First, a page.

Create a positive and inclusive workplace culture. The better your company culture, the happier and more productive your employees will be. Look out for the positive feedback you receive from employees on what they enjoy about the culture and make sure you promote these across your website, social channels, and job adverts.
Review your benefits packages. This is one of the most of important things jobseekers will look at when searching for work, in addition to the salary. Are you offering benefits that your employees desire? How do they stack up against your competitors? Are you effectively highlighting your offering on job adverts? Do you regularly review your package? Make sure you consider all these factors.
Flexibility is an essential part of your recruitment strategy. Not only do you need to be able to adapt your strategy to the changing market, but you also need to consider what long-term and short-term objectives you may have. Hiring temporary staff is an easy way to scale your teams up or down, accounting for seasonal changes or economic conditions, allowing you to recruit quickly when additional resource is needed.
Find out more about the benefits of employing temporary and contract workers in our free guide here.
Defining your goals
The goals of your recruitment strategy will vary depending on what stage your business is at and where you want to take it. You may not have the same recruitment goals if you are a startup or scaleup company as you will a global corporation.
You should first analyse where you stand in the market and your goals should form where you want to be and how you plan to get there - these need to be clearly defined SMART goals that are specific, measurable, achievable, realistic, and timely.
The goals within your recruitment strategy should be a combination of those designed to improve your recruitment process, as well as your wider business goals. You then need to look at how you will recruit to meet those targets.
Start by looking at your turnover rate – if you are hiring for the same positions repeatedly, your business is not growing. Do you need to improve your employee value proposition? Or do you have a great candidate offering, but are not promoting this effectively enough to jobseekers? Do you have a good online presence? Once you have set out the goals you wish to achieve to improve your recruitment processes, you can then consider your wider goals.
These wider goals will likely include the areas of the business you wish to grow. Are you considering branching out into e-commerce? If so, investing in top tech talent will be your ultimate goal. Are you wanting to rebrand your company? If so, you may want to consider growing your marketing function. If you want to bring a previously outsourced function in house to save costs, consider temporary/contractor workforce solutions.
How to forecast future hiring needs
There are many external influences, as well as internal, that you will need to consider when looking to forecast for your future hiring needs. You should assess the following:
Current and emerging national trends (market, political, socio-economic, environmental, cultural, and societal)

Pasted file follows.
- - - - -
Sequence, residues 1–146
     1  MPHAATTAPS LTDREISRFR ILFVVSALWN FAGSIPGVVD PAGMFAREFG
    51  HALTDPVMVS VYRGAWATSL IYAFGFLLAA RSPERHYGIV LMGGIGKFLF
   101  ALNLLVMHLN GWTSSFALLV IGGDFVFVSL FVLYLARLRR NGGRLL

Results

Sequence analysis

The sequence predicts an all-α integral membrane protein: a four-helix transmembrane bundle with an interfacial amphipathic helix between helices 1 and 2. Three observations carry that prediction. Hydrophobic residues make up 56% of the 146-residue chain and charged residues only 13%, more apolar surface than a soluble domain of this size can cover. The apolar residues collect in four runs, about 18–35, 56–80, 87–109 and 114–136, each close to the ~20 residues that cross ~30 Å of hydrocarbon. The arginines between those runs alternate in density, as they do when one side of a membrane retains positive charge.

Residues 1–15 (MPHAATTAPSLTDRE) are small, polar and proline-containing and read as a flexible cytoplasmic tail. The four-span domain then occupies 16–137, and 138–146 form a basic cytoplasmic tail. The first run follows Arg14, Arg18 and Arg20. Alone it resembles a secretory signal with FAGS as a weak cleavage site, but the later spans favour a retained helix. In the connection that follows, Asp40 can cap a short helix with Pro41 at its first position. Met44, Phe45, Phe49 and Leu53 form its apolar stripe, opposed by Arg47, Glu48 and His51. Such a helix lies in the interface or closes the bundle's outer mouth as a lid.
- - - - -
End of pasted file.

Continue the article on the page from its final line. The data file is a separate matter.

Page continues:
Business trends (ageing workforce, growing population, temporary market)
Planning for the unknown (for example Covid-19)
Upcoming contracts and business wins
Skills gaps in your business
All the above will have an impact on your future hiring needs, but by analysing these factors, you can establish what areas of the business you may need to increase or downsize.
What’s your ideal candidate?
Every time a new role becomes available, creating a candidate persona will help you identify the right person when they come along. A candidate persona is a semi-fictional representation of your perfect candidate, based on research and data.
Start by gathering data on your existing employees. Ask them questions about their motivations, goals, skills, and interests, such as: ‘what skills do you think help you succeed in your job?’, ‘why did you apply to work at this company?’, and ‘what part of your job do you enjoy most?’.
After you have surveyed the people who do the job you are recruiting for, then speak to hiring managers. What skills do they look for? Do they find professionals from a certain industry perform better? Is sector experience more important than qualifications?
Once you have created your candidate personas, you and other hiring managers in your organisation will have a clear idea of what you are looking for and who and where to target.
Here is an example of a candidate persona and what you should include in it:
When to review your recruitment strategy
You should always be thinking about how you differentiate your company from your competitors, and how you can be a more attractive prospect for potential candidates.
Pay close attention to all aspects of the recruitment process and make tactical tweaks throughout the year when necessary – while still holding firm to your strategy.
You should review your overall recruitment strategy annually to make sure it ties in with your current business objectives and remember to communicate out any changes across the business so all hiring managers are singing from the same hymn sheet.
For more advice on recruitment processes, or to find your next talented employee, speak to one of our expert consultants today.